• Seizure disorder

  • Concomitant bupropion (e.g., Wellbutrin) therapy

  • Current or prior diagnosis of bulimia or anorexia nervosa

  • Simultaneous abrupt discontinuation of alcohol or sedatives/benzodiazepines

  • MAO inhibitors in preceding 14 days; concurrent use of reversible MAO inhibitors

  • Severe renal impairment (dosage adjustment is necessary)

  • Pregnancy3 and breastfeeding

  • Adolescents (<18 years)

  • Treatment-emergent neuropsychiatric symptoms4

    Boxed warning removed 12/2016

Dosing1st cigarette ≤30
minutes after
waking: 4 mg
1st cigarette >30
minutes after
waking: 2 mg
Weeks 1–6:
1 piece q 1–2 hours
Weeks 7–9:
1 piece q 2–4 hours
Weeks 10–12:
1 piece q 4–8 hours
  • Maximum, 24 pieces/day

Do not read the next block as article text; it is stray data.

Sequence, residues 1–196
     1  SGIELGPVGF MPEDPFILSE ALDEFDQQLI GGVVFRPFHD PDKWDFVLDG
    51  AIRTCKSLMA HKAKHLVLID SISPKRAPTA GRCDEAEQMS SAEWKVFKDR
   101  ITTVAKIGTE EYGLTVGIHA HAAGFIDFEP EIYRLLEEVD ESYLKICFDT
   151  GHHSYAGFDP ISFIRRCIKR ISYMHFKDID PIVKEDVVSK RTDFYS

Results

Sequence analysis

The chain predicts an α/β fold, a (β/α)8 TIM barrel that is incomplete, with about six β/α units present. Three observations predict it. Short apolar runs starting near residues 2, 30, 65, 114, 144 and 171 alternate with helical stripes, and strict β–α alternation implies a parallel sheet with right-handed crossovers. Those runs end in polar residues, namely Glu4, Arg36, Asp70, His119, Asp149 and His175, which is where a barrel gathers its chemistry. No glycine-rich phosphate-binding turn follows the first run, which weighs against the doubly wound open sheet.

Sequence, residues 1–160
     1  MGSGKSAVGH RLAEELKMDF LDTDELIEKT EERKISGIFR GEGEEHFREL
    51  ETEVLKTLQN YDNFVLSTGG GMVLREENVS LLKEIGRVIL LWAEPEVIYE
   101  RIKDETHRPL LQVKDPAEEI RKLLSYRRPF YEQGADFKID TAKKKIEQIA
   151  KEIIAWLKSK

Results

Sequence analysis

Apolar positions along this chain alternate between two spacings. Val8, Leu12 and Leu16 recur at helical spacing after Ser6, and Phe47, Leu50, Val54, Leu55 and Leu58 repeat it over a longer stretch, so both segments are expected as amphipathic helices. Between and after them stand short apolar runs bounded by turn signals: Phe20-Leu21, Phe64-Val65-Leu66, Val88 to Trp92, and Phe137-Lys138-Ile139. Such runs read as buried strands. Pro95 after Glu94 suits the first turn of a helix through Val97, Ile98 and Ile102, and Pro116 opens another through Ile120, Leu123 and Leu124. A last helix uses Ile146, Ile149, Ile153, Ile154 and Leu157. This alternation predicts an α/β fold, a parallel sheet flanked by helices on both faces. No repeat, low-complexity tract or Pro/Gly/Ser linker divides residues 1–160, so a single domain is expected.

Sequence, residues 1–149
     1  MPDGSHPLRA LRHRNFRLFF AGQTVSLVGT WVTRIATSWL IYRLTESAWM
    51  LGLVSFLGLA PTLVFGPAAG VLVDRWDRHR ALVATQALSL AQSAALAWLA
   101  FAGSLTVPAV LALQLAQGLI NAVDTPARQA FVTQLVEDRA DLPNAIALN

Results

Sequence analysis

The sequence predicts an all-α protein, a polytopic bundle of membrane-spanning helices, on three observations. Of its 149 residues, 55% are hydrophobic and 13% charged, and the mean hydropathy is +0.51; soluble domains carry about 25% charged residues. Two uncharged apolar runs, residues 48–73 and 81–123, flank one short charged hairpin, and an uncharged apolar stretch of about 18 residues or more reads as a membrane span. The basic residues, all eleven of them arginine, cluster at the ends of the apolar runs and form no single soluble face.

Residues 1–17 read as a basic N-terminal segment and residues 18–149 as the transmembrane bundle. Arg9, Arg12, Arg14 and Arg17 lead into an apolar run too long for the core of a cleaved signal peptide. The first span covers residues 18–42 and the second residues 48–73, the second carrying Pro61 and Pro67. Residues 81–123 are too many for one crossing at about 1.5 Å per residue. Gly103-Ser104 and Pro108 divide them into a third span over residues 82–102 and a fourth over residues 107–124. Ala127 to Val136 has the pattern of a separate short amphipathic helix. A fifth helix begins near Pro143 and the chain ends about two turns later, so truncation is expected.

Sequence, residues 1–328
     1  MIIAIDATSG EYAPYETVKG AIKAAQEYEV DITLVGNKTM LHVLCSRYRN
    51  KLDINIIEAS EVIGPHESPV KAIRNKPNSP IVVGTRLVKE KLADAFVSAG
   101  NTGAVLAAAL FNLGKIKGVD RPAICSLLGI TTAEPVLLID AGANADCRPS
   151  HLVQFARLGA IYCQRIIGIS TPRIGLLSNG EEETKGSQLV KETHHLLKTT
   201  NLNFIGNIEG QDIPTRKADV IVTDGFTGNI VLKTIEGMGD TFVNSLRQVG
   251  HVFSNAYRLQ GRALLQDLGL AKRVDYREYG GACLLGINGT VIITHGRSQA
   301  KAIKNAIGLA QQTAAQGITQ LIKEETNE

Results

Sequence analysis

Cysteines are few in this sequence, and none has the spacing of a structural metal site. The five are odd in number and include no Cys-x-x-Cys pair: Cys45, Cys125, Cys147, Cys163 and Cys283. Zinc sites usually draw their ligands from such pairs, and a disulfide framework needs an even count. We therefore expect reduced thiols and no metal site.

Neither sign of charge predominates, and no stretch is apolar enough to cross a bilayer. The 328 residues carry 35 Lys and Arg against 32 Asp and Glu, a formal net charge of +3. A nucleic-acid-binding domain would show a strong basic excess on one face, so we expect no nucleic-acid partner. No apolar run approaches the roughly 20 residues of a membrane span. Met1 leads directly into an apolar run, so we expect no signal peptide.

• Chew each piece slowly

  • Park between cheek and gum when peppery or tingling sensation appears (~15–30 chews)

  • Resume chewing when tingle fades

  • Repeat chew/park steps until most of the nicotine is gone (tingle does not return; generally 30 min)

  • Park in different areas of mouth

  • No food or beverages 15 minutes before or during use

  • Duration: up to 12 weeks

1st cigarette ≤30
minutes after
waking: 4 mg
1st cigarette >30
minutes after
waking: 2 mg
Weeks 1–6:
1 lozenge q 1–2 hours
Weeks 7–9:
1 lozenge q 2–4 hours
Weeks 10–12:
1 lozenge q 4–8 hours
  • Maximum, 20 lozenges/day

  • Allow to dissolve slowly (20–30 minutes)

  • Nicotine release may cause a warm, tingling sensation

  • Do not chew or swallow

  • Occasionally rotate to different areas of the mouth

  • No food or beverages 15 minutes before or during use

  • Duration: up to 12 weeks

>10 cigarettes/day:
21 mg/day x
4–6 weeks
14 mg/day x 2 weeks
7 mg/day x 2 weeks
≤10 cigarettes/day:
14 mg/day x 6 weeks
7 mg/day x 2 weeks
  • Rotate patch application site daily; do not apply a new patch to the same skin site for at least one week

  • May wear patch for 16 hours if patient experiences sleep disturbances (remove at bedtime)

  • Duration: 8–10 weeks

1–2 doses/hour